Another, problem arises if the lines are nearly parallel. In that case, the Initial and Final points of intersection may be so far away that you risk overflowing your variables. I suggest that you treat nearly parallel lines as parallel and perform the following special case algorithm.
The trick for parallel lines is to recognize that the fact that they're parallel in effect removes one dimension from the problem. We've gone from a two-dimensional system with intersection lines to a one-dimensional system where two lines are closing on each other.
Actually, they may not be headed directly at each other, as shown in Figure 8.
But, since the lines are known to be parallel, then the velocity vector perpendicular to the line's slope is by definition the closing speed relative to the other line segment. These are the dotted lines in Figure 9. Once we know these closing speeds, the problem becomes a simple one-dimensional rate-distance problem.
rate1 * t + rate2 * t = distance
t = distance / (rate1 + rate2)
Once you've calculated t you need to test the line segments to verify that they have in fact overlapped. Take one endpoint from the red line segment and calculate the distance to both endpoints of the blue line segment. If the distance to both is less than the length of the blue line segment then the red endpoint falls inside the blue line segment and you have a successful collision. Otherwise, perform the same test with all the other endpoints. If any of the endpoints falls on the other line segment, then you have a successful collision.
If one of these parallel lines isn't moving then you end up with a divide-by-zero situation. Simply perform the perpendicular calculation only for the moving line. Then the distance formula will work correctly.
Finally, vertical lines. If both are vertical then it's simply a parallel line situation like I just described.
If only one of the lines is vertical, then you need to use a different intersection equation. Simply compute the y-intercept.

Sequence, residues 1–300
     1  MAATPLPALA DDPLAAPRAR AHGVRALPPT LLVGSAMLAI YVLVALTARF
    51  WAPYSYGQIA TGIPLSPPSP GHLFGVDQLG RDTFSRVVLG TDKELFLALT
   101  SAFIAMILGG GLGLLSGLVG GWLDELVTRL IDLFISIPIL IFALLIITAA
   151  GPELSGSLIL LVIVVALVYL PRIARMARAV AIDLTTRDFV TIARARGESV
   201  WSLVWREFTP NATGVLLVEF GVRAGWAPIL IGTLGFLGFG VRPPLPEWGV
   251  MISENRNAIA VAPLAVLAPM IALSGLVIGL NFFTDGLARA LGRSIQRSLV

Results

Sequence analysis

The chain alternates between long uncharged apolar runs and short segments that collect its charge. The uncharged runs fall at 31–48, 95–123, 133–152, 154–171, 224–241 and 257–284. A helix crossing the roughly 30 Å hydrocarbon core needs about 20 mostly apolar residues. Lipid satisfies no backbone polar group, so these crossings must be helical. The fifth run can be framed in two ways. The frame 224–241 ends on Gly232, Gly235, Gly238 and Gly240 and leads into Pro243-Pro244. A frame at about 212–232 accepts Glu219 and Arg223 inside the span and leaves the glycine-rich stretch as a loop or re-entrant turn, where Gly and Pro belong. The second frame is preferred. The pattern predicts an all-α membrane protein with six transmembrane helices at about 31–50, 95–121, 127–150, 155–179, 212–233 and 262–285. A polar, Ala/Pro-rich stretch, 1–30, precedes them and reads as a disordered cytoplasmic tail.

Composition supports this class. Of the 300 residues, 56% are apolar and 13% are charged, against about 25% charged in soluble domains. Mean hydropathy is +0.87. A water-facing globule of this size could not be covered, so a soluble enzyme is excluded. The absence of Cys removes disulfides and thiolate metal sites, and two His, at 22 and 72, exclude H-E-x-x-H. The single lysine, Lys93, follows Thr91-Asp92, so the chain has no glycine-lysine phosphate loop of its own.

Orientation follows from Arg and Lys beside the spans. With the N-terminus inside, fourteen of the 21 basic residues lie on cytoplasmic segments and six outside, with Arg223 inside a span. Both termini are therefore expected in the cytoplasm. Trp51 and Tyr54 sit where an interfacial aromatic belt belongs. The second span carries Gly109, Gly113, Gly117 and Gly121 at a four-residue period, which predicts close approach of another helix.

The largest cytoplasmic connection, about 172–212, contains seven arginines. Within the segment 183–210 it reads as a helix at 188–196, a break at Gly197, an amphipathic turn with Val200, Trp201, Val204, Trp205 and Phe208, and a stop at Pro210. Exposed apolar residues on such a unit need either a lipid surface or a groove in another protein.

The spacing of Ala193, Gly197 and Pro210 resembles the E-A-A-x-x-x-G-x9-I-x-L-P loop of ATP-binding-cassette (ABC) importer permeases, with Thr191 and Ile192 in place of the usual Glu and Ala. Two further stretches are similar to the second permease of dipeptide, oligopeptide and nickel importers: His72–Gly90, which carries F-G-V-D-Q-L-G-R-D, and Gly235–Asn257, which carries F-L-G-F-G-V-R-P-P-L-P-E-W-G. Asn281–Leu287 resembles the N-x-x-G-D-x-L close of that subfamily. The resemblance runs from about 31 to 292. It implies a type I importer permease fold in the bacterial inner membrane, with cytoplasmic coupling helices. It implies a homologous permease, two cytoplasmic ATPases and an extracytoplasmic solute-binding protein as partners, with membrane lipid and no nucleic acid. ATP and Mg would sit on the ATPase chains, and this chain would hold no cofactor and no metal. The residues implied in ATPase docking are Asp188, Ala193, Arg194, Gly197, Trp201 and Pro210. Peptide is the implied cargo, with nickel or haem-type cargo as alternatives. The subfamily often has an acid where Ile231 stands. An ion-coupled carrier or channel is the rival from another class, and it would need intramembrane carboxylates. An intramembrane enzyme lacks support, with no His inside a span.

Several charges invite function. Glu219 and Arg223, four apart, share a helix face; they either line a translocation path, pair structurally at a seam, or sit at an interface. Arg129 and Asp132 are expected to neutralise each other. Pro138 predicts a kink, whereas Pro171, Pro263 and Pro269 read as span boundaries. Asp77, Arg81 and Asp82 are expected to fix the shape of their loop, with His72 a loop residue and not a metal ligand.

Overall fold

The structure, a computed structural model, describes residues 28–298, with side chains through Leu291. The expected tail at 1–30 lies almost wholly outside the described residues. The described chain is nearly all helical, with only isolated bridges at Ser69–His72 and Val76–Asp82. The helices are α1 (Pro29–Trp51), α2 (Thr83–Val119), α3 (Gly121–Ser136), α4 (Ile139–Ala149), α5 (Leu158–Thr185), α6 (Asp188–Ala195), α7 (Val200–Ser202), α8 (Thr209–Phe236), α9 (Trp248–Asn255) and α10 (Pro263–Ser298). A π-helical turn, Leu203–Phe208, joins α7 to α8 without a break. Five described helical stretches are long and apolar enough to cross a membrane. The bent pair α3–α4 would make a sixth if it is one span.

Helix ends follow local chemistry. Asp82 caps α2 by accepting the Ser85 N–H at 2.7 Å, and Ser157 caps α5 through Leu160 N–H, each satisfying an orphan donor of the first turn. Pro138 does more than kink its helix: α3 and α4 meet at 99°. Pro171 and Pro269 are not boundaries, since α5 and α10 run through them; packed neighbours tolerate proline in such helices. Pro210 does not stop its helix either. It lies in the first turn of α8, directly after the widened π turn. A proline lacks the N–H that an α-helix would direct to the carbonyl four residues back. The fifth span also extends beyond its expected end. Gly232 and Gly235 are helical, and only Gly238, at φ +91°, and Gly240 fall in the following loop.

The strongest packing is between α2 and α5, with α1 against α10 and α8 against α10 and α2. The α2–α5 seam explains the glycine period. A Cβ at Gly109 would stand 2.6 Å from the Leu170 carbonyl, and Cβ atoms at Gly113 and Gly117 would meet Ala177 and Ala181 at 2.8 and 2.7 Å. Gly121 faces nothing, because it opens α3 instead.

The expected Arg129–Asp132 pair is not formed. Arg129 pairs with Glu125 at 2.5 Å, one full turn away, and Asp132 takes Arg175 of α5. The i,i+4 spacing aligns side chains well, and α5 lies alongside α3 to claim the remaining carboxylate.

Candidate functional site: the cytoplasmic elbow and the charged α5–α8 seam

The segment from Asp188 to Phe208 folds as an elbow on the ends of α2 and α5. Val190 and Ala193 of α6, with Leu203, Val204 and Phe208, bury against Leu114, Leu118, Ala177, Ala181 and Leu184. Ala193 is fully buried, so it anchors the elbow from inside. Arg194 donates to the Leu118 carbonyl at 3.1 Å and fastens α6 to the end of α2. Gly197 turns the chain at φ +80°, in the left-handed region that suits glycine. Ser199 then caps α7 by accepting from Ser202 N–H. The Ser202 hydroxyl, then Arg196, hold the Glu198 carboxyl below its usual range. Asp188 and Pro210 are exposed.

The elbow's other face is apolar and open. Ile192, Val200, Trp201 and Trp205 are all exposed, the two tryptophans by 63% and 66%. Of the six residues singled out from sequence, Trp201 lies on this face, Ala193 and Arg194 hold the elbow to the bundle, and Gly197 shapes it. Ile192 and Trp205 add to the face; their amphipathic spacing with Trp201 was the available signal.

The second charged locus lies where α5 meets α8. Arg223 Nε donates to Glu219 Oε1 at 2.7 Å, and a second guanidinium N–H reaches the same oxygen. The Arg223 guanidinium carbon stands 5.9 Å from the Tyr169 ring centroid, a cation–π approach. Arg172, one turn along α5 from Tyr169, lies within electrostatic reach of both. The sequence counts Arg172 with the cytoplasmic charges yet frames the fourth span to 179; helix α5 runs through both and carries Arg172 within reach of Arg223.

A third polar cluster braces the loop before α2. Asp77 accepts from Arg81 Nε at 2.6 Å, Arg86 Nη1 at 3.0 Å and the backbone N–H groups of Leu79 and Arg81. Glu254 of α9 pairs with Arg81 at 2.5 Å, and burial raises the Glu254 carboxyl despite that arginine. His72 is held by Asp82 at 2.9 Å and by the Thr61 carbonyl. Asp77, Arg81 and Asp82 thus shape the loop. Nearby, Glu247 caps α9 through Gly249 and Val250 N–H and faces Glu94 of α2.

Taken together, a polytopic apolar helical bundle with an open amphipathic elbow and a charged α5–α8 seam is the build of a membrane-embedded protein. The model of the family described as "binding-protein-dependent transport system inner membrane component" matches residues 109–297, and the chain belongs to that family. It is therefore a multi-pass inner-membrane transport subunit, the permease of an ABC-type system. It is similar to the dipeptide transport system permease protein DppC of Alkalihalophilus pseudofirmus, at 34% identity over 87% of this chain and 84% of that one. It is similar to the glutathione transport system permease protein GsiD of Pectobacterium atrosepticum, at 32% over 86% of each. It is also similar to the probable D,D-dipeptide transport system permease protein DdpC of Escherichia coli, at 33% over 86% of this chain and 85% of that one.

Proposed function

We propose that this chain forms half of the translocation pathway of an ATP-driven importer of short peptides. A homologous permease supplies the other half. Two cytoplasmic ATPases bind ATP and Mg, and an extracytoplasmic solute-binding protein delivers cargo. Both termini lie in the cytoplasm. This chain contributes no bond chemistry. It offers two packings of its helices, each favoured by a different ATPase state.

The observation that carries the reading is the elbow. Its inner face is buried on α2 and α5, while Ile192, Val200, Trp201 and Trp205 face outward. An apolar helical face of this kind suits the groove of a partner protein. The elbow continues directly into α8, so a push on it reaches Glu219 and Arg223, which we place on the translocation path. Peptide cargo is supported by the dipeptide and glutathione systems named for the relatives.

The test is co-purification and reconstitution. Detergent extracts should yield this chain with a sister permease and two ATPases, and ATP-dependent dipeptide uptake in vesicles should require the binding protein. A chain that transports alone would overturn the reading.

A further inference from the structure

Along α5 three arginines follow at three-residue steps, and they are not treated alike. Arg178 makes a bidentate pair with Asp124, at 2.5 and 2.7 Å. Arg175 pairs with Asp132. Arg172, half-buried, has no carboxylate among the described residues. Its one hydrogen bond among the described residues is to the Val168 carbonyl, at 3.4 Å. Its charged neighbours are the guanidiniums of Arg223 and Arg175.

y = mx + b
b = y - mx
Where l1 is the vertical line
y is a point on l2
x is the distance from that point to l1 (subtract the x of that point from the x of the vertical line)
m is the slope of l2
Remember, even though one line is vertical, it's still moving. So you need to move both lines for beginning and ending intersection points.
At the beginning of this document I mentioned using bounding boxes to cut down the number of lines to test. Bounding box tests are cheap, and even with 50+ objects on the screen the time spent comparing bounding boxes will probably be completely swamped by simply drawing things on the screen. You'll only need something more sophisticated when you get a lot more objects on the screen.
Similarly, once you get two entire objects which satisfy the bounding box test, you'll likely only end up with a small number of line segments which actually need to be tested with each other.
A couple of quick optimization ideas in the calculations. These will happen so rarely that we probably wouldn't even notice the extra work. But they're so obvious I just had to mention them.
In Figure 5, where we compare the distance to each of the possible collision points. In this instance, we don't need to know the actual distance. We simply need the ranking from lowest to highest. Therefore, we don't need to take the square root of each of those calculations. When it comes time to determine the time within the frame then we will need to take the square root.
Similarly, we don't need to take the square root when determining if the possible point of impact is on the line segment. Compare against the square of the length of the line segment.
Well, I think that's enough to get you started. I'd like to throw together some example code, but I'm completely swamped at work, so I'll leave that as an exercise. If anyone posts some code that's based on these ideas, please let me know and I'll include a pointer in this document.
Be sure to check out IMPACT21.ZIP by John Henckel. It's available in GAMDEV on Compuserve and shows up on internet searches. It's a nifty polygon collision example, including source code. He handles rotating polygons, and momentum transfer.
Thanks to Kevin J Hoffman for spurring this line of thought and brainstorming with me. It was an interesting problem.
Drake Christensen firstname.lastname@example.org.